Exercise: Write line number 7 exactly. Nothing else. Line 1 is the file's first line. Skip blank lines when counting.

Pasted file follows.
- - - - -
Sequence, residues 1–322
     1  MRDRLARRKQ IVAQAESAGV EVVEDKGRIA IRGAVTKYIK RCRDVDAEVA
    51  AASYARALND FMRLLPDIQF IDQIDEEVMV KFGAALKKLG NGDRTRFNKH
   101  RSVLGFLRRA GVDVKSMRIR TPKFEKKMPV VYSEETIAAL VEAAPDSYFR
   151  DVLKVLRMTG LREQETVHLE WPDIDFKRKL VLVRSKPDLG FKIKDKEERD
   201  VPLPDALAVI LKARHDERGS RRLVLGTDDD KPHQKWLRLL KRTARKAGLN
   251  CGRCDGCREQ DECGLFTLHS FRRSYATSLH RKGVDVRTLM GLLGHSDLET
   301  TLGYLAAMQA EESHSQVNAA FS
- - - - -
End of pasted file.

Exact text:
   251  CGRCDGCREQ DECGLFTLHS FRRSYATSLH RKGVDVRTLM GLLGHSDLET